Mobile Apps and Privacy Miniseries (4/5): Specific Issues – Payment, Children, Tracking


December 12, 2014 Leave a comment
Towards the end of its 33 page guidance document on the application of data protection law to mobile apps, the working group of German data protection authorities (Düsseldorfer Kreis) gives some specific guidance on a number of hot topics: Requirements for apps offering payment procedures, youth protection requirements (in particular regarding valid consent of minors) and issues of audience/range measurement.

Payment procedures

Online and mobile payment involves various (German) laws, such as the Telecommunications Act (TKG), Telemedia Act (TMG), Federal Data Protection Act (BDSG), Payment Services Regulation Act (ZAG), Banking Act (KWG) and the Civil Code (BGB). Some EU directives (e.g. Payment Service Directive) have to be considered as well. For personal data collected in connection with a payment transaction, a strict purpose limitation applies. Bank account data is particularly sensitive data, subject to special statutory protection. The authorities emphasize the paramount importance of specific technical and organizational measures regarding data security. In addition, Sec. 42a of the German Federal Data Protection Act obliges operators to notify the authorities and concerned users immediately of any data security breach involving banking or credit card data. Failure to do carries fines of up to EUR 300,000.

Youth Protection

Minors, because of their mental development and noteably at a young age are often not in a position to understand whether a disclosure of their data is necessary or useful, and what consequences this will have. Children under the age of 7 are legally incapacitated in Germany; the critical age in the context of data protection consent declarations is between 7 and 14. According to the Düsseldorfer Kreis, consent to data processing from a minor under 14 years of age cannot be assumed as lawful without parental approval.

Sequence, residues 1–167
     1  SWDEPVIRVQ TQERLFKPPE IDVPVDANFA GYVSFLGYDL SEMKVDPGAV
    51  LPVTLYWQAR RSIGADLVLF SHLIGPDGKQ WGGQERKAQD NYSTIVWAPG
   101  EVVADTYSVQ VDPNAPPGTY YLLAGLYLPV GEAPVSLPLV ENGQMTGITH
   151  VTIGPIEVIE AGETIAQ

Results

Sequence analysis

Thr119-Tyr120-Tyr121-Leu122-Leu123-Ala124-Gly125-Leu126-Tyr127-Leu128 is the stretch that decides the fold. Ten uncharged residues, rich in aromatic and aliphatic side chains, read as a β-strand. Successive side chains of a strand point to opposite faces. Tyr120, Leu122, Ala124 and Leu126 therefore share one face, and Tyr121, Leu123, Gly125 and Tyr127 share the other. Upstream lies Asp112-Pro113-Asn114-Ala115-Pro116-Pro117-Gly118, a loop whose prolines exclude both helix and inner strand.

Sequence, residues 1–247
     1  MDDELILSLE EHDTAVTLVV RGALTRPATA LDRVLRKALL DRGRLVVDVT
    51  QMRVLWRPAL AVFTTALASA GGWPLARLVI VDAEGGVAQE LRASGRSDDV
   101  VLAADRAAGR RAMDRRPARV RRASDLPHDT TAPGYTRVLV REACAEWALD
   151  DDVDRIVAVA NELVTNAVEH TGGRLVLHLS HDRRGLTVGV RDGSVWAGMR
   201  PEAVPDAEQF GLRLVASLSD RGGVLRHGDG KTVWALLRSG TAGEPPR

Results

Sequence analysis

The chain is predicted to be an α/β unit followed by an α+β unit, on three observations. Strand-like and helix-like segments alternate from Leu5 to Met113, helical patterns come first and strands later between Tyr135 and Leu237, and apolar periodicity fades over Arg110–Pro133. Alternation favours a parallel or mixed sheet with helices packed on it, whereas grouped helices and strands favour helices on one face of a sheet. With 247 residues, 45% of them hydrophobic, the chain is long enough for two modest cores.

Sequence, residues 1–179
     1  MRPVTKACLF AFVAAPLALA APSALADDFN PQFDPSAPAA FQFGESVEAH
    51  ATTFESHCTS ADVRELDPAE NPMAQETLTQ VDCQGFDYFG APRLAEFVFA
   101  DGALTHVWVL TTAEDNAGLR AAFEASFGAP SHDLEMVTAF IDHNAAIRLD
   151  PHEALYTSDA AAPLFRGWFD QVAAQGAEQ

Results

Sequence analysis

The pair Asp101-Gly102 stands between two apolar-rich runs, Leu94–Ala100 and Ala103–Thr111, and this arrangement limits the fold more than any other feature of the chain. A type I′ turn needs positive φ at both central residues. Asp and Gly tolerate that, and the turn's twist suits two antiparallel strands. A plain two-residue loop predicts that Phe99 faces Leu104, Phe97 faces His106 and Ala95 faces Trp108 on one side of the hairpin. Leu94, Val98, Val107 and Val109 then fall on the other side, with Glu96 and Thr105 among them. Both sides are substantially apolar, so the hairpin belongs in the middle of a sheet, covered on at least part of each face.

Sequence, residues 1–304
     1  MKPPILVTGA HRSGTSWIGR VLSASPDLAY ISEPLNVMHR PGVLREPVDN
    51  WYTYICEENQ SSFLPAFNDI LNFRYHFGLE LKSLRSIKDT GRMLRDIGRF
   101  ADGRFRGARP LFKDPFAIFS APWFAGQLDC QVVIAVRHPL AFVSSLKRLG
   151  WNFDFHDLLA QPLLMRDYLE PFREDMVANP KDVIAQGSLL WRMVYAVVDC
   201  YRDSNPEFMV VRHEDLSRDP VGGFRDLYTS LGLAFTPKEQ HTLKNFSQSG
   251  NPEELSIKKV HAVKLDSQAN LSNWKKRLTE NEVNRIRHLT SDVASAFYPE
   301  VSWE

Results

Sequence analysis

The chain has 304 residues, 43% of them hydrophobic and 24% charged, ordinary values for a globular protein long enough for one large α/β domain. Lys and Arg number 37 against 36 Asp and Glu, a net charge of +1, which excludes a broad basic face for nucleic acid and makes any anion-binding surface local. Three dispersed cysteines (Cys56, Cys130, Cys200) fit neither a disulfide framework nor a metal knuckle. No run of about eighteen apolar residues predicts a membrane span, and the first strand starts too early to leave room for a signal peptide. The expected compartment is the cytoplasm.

Audience/range measurement

If a procedure is used for range measurement and the evaluation is or will be performed by a service provider, the app provider remains legally responsible (responsible entity). The privacy guidelines summarize the requirements for privacy-compliant tracking and audience measurement methods as follows:

  • Anonymization of the IP address
  • Effective possibility to opt out
  • No merging of pseudonyms with data on the actual data subject.
  • Information on creating pseudonymous user profiles and about the possibilities to opt out
  • Conclusion of a commissioned data processing contract (Assignment to a service provider)

 

Previous installments:

Application of EU Privacy Law

Privacy Policy and Consent

Privacy by Design

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Felix Hilgert

Felix Hilgert

Senior Associate at Osborne Clarke
Felix is a lawyer with Osborne Clarke's IT Team in Cologne, where he acts for companies of all sizes, from start-ups to market leaders.

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